7 Local AICs generally follow the minimum size requirement for VC funds of 30 million renminbi. The minimum size for PE funds may vary depending on the specific location of formation of the PE fund, with the typical requirement being 100 million renminbi.

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    NDRC and apply for preferential tax treatment are still subject to the previous capital contribution requirements.

    The PIF Interim Measures regulate investment funds established by way of raising capital from investors in a non-public manner within the territory of China. Substantially all of the AMAC-registered managers and funds are formed in China. Offshore fund managers and offshore funds targeting Chinese investors or conduct fundraising activities in China, or both, are not expressly excluded from the registration and record-filing requirements. However, since AMAC has not yet published specific rules to regulate this area, such offshore fund managers and funds are currently not subject to the registration and filing requirements.

    RegistrationAMAC released the Interim Measures on the Administration of Registration of Non-public Investment Fund Managers and Record-filing of Funds (Record-filing Measures), effective as of 7 February 2014. Pursuant to the Record-filing Measures, any private fund manager is required to register with AMAC and complete its record-filing with AMAC for the private fund (regardless of whether it is set up as a PE, VC or hedge fund) within 20 working days after the closing of such fund. Some basic information regarding the fund, such as the name of the fund, date of establishment, major area of investment, fund manager and custodian, is required to be provided to AMAC through its electronic record-filing system. The private fund manager is also required to update information on the private fund (such as the total amount of commitment and contribution, total number of investors and any change in the funds investment focus) on a quarterly basis, and on the manager itself on an annual basis. In addition, fund managers are required to report to AMAC certain significant matters, such as any change in senior management or the controlling shareholder of the private fund manager, merger, division, bankruptcy of the private fund manager, significant amendment to the fund agreement and liquidation of the fund. Further regulations on private funds are also being developed.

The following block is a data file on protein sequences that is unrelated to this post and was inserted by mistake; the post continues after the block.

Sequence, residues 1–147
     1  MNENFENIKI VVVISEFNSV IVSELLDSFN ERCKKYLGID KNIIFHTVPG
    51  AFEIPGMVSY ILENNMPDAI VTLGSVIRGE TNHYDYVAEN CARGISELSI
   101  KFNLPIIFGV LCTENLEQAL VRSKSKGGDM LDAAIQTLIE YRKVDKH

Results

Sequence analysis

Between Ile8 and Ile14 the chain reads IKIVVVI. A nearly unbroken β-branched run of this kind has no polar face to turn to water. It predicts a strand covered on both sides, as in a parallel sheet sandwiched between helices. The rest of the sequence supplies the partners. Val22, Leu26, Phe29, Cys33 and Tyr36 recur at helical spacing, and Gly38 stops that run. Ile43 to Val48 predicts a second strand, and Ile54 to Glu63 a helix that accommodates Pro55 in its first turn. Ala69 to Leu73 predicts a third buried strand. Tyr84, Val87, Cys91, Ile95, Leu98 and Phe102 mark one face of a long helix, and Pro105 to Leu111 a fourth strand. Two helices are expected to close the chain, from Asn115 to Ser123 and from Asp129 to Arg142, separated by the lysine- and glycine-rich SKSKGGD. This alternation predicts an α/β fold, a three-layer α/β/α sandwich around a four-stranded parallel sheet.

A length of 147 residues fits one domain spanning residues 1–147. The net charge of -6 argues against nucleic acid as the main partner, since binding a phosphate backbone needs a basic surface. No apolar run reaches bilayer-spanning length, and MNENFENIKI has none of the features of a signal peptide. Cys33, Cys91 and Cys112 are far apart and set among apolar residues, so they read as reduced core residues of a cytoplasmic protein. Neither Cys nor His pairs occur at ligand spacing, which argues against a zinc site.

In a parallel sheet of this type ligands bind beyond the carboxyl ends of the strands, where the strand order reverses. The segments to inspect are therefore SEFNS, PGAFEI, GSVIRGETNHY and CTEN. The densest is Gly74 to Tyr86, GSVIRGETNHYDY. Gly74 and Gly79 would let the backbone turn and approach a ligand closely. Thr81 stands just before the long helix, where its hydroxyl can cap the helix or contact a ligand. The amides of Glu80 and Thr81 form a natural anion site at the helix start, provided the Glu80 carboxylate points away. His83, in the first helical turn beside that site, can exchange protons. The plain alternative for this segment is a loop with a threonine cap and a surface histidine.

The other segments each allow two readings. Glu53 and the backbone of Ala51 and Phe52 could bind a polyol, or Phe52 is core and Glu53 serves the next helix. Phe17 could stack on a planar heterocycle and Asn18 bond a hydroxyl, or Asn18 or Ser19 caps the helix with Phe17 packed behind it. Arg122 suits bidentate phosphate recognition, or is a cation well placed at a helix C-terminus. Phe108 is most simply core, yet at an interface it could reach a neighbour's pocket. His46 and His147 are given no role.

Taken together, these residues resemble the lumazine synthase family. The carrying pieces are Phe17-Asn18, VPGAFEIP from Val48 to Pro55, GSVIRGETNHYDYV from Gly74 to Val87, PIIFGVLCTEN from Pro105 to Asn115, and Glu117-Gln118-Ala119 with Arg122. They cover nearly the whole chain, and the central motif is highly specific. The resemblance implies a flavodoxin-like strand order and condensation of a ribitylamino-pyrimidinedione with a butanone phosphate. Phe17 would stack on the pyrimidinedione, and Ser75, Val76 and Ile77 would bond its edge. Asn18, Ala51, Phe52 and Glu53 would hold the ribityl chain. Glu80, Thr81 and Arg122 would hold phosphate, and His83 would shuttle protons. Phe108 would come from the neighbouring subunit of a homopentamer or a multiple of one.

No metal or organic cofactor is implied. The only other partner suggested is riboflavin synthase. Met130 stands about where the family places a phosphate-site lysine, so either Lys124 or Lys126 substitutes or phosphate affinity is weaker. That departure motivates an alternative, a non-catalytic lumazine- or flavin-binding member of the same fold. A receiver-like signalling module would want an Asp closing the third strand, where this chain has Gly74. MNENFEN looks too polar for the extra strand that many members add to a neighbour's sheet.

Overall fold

In addition to private funds and their fund managers, effective as of 1 February 2015, third-party service providers to which the private fund or its manager outsource services, such as a fund sales agent, transfer agent, valuator, fund administrator and other fund intermediaries, are also required to register with AMAC and be subject to its supervision pursuant to the Guidelines on Fund Business Outsourcing Services (Trial Implementation).

    In an effort to demonstrate that the registration system has real teeth, the CSRC and AMAC have also strengthened their self-disciplinary actions. In early 2015, local CSRC branches issued notices to a select group of large private funds requiring self-examination and self-certification of compliance. On-site examinations, which are practised under the National Examination Program in the United States, have also been conducted on certain funds that have been reported to AMAC for non-compliance and illegal activities. As a result, a number of registered fund managers have been subject to different types of penalty, such as public criticism of fund principals, blacklisting and revocation of their registration certificate.

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    ii Domestic sponsors and investors